I can't predict what I, my kids, or the next owners plan to do with my property but I do know I don't want to be boxed in by unnecessary rules regarding my small piece of dirt. A tree can easily be planted somewhere else.


Posted by mjh
a resident of College Terrace
on Oct 19, 2021 at 3:55 pm

mjh is a registered user.

*NOT YET APPROVED*
8.10.50 Prohibited acts(d)
In the case of development requiring a project approval under Chapter 18.76 (Permits and Approvals), removal of a protected tree may be permitted if retention of the tree would result in reduction of the otherwise-permissible building area of the lot by more than twenty-five percent,


Posted by mjh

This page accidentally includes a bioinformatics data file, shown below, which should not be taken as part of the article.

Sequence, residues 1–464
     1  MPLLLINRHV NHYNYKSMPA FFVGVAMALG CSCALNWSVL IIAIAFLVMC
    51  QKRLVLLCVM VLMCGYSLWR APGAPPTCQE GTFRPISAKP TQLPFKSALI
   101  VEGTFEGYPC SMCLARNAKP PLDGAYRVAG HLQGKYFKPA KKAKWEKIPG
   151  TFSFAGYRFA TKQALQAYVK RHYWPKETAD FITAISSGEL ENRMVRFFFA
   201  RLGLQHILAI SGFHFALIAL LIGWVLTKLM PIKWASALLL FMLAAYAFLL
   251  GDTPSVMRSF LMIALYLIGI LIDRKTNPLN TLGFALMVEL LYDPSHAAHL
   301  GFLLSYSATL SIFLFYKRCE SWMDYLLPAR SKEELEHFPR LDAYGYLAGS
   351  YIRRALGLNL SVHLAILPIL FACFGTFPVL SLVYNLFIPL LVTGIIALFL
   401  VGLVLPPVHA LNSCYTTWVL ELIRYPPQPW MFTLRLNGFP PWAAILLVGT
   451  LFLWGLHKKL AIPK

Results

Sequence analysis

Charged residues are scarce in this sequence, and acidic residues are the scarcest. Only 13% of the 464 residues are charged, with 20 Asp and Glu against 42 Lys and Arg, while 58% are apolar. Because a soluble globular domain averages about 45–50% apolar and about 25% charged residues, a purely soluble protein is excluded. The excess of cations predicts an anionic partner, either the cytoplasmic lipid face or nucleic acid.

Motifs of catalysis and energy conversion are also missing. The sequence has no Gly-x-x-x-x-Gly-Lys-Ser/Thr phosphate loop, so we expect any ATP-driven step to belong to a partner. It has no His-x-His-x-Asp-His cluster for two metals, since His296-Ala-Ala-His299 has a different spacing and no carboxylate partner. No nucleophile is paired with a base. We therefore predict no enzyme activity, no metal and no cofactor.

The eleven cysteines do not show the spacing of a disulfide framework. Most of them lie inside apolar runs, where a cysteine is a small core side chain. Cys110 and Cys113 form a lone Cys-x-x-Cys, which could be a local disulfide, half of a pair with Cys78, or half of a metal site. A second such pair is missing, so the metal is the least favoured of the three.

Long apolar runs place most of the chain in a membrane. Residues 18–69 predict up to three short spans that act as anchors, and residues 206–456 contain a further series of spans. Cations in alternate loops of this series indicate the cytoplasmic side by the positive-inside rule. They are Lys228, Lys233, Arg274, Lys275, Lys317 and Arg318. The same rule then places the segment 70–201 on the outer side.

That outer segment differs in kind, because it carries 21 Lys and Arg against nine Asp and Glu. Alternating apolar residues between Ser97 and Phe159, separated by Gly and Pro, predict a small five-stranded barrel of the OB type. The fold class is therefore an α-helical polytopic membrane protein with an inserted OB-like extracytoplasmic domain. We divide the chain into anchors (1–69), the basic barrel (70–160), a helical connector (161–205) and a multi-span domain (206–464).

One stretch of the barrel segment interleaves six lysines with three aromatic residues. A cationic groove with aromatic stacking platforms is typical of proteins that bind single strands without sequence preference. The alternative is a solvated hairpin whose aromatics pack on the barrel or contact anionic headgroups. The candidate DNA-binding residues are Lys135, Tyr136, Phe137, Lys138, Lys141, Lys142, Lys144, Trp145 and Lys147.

a resident of College Terrace
on Oct 19, 2021 at 4:11 pm

mjh is a registered user.

The proposed new ordinance is more nuanced than might be thought reading the article. Some examples from Staff's Report to council:
TREE ORDINANCE RECOMMENDATION - HIGHLIGHTS
8.10.020 Definitions
(l) ”Protected” tree means:
(1) Six native low water-use trees, rather than two, will now be protected from removal if at least 11.5-inches in diameter, (36-inches circumference) at about chest height, except Coast Redwood.
(3) Any tree at least 18-inches in diameter, (57-inches circumference), other than invasive species or high water users.
2. PRACTICAL ALTERNATIVES CONSIDERED BEFORE A PROTECTED TREE MAY BE REMOVED
(c) (2) On a single family or low density residential lot, If a protected tree were growing so close to proposed development that construction would result in the death of the tree, it could be removed if there were no financially feasible and reasonable design alternative that would permit preservation of the tree.